For the past 50 or so years the sport ki-o-rahi has been played in France and yet it is relatively unknown in its country of origin, Aotearoa - New Zealand. That's all about to change due to the work of both Harko Brown,nō Waikato, and Dr Ihirangi Heke, nō Ngati Wairere, who are committed to profiling hakinakina Māori - Māori sports.
Brown recently wrote a book called Ngā Taonga Tākaro: Māori sports and Games (2008, Penguin Publishers) and submitted a Waitangi Tribunal Claim about the loss of traditional Māori sports through colonisation. Heke on the other hand, has built an academic career around physical education and sport, which combined with a love of kaupapa Māori, is a natural fit with tākaro Māori.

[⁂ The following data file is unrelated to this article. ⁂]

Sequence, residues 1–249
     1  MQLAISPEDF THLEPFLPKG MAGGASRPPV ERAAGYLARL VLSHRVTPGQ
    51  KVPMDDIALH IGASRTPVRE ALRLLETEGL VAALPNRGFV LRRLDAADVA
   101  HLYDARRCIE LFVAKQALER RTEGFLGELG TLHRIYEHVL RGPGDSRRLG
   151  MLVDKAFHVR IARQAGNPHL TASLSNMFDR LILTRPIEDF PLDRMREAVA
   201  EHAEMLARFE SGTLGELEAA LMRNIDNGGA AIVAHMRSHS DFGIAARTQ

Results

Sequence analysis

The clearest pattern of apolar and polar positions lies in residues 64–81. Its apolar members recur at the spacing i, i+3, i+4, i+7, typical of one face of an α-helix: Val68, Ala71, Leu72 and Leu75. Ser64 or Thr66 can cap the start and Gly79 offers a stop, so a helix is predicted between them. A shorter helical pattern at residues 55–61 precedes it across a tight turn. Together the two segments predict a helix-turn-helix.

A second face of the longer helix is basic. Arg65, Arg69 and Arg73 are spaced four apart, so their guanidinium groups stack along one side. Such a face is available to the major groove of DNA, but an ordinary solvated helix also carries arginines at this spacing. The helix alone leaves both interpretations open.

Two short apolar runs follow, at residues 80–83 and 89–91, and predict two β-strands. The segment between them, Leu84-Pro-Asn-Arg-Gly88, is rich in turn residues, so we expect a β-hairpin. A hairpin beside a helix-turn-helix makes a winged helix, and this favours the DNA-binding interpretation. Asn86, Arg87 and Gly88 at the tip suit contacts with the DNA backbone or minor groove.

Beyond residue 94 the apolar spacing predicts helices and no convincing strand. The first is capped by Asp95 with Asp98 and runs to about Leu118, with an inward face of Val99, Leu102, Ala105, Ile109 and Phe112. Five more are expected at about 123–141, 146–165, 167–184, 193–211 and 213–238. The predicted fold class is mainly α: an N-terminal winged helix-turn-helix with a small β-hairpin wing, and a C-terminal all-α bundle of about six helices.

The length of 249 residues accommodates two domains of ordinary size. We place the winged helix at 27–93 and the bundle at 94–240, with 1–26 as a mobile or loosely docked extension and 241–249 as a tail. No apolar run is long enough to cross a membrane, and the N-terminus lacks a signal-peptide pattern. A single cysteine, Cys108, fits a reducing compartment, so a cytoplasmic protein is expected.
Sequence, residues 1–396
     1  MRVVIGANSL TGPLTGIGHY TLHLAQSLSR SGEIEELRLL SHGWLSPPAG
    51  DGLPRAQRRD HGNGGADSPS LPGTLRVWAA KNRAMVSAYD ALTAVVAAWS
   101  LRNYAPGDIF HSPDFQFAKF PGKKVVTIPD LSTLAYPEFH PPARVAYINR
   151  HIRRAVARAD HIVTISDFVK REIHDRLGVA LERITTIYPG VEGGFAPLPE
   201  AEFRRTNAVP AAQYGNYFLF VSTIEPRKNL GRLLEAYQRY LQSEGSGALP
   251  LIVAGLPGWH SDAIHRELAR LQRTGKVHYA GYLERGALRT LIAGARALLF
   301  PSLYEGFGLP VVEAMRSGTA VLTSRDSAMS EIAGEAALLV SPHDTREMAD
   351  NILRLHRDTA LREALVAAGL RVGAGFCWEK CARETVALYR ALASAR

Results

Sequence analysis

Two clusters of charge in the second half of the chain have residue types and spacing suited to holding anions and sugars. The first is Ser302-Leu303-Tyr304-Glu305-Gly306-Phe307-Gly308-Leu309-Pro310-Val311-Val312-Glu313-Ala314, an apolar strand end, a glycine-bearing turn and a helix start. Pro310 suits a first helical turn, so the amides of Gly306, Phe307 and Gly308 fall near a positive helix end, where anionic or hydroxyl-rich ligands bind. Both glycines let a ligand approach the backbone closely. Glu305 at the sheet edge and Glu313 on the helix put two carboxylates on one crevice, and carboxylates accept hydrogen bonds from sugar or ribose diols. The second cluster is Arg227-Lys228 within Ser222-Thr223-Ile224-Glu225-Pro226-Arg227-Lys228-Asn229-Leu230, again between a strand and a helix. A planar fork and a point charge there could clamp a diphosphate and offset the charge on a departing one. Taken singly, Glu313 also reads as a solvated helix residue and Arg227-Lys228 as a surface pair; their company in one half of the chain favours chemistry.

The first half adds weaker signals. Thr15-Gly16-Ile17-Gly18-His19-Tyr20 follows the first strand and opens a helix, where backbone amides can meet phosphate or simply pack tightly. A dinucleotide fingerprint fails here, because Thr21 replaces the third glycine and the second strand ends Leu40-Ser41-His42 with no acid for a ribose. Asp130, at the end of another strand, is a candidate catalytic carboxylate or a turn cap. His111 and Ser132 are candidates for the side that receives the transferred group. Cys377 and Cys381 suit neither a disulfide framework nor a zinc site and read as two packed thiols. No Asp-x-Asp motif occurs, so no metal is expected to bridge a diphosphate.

Utilising tikanga Māori in its practise Heke and Brown hope to revitilise the sport seem to be falling on fertile ground as Maraea Rakuraku found when she attended a workshop in Napier, where Sean Thompson, Jim Taotahi and Tane Edwards learned and played the sport ki-o-rahi under the tutelage of Heke.